Mosquitoes love to breed inside discarded car tires. So why not use this against them? Such is the thinking of Canadian researchers who have developed a DIY mosquito trap that’s already proving its worth in field tests.
The trap is called Ovillanta, and it was developed by researchers from Laurentian University with help from Mexico’s National Institute of Public Health (plus a little money from the Canadian government).
The egg trap is constructed from two 20-inch (50 cm) sections of discarded rubber car tires. The bits of tire are fashioned into a mouth-like shape, and a fluid release is added to the bottom.Once it’s ready and hung on a wall or tree, a non-toxic solution is added. A chemical pheromone is added to attract the mosquitoes. A wooden strip or paper floats in the artificial pond, where the female lays her eggs.
Twice a week, the strip is removed so that it can be analyzed, and the eggs that have been collected are destroyed using fire or ethanol. The solution is recycled back into the tire, but over time it collects even more mosquito pheromones, making it even more irresistible. From a mosquito’s perspective, it’s actually quite diabolical.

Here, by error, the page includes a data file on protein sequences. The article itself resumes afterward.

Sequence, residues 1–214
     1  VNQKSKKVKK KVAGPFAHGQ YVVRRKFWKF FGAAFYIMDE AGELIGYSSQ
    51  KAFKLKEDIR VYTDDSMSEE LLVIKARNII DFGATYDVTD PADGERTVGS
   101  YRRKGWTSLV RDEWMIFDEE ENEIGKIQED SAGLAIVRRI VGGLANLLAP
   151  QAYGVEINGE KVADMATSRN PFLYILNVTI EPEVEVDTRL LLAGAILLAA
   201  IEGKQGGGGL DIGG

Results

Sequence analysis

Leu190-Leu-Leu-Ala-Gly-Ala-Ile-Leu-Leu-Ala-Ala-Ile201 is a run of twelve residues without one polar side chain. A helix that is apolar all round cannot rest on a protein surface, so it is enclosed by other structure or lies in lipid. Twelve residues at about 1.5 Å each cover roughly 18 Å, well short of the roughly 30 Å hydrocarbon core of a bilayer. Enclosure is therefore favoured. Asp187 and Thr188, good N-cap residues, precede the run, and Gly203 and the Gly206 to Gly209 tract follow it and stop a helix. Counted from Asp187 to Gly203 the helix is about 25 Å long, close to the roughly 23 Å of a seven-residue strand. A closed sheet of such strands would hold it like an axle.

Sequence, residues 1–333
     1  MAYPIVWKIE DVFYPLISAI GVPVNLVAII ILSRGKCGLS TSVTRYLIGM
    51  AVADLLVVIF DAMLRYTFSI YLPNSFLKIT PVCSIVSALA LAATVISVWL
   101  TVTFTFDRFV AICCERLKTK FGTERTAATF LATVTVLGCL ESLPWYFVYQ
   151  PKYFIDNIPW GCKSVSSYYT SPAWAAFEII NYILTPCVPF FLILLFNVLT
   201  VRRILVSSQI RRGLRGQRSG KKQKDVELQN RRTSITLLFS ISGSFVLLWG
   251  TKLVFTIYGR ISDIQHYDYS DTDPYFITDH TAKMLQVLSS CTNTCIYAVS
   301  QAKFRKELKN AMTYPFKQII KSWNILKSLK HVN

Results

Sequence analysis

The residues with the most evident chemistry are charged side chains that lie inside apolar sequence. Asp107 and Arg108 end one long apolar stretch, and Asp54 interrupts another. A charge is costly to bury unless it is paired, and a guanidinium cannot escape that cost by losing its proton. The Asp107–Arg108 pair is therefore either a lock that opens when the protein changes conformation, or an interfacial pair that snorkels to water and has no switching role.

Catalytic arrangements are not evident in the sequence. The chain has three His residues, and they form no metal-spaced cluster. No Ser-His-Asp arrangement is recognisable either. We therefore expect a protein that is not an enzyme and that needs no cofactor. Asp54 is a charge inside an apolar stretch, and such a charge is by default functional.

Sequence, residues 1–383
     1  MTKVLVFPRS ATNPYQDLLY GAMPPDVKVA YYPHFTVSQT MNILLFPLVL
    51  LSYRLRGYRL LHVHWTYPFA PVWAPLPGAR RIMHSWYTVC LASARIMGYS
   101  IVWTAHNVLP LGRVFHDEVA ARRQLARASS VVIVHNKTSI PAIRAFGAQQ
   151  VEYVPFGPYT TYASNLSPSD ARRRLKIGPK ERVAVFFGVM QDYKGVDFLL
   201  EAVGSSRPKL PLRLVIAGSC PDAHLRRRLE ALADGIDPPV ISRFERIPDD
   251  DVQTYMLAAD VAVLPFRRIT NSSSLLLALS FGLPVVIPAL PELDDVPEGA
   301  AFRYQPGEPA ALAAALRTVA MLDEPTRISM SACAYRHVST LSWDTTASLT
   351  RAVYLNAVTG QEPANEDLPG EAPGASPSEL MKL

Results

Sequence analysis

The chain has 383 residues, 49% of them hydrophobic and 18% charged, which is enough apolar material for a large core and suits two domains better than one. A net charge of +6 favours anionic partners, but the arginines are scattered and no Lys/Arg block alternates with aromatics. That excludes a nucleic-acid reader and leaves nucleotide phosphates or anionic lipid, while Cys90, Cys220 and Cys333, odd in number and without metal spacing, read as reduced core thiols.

The researchers recently conducted a 10 month trial of the system in Guatemala where it worked to reduce virus-carrying Aedes mosquitoes. These mosquitoes are responsible for spreading viruses like Zika, dengue, yellow fever, chikungunya, West Nile virus, and others. Population control measures to reduce the number of mosquitoes are an important aspect of combating these blights.
Over the course of the 10 months, the Ovillanta system worked better than traditional ovitraps, which are usually made from one-liter buckets. During the field trial, the team collected and destroyed over 18,100 Aedes eggs per month using 84 Ovillanta traps in seven neighborhoods. That’s seven times more efficient than traditional traps. At the same time, no new cases of dengue were reported in the regions where the traps were set up, but the researchers caution that this is merely an anecdotal observation. It’s also important to point out that this study is still awaiting peer review. That said, this area of Guatemala typically records about 24 to 36 cases during the same months.
Neat, right? Nice to see low-tech solutions perform so well. It’s cheap, easy to make, and environmentally friendly. On it’s own, the system likely won’t be able to completely curb the spread of mosquito-borne viruses, but when used with other population control strategies, it could contribute significantly to the cause.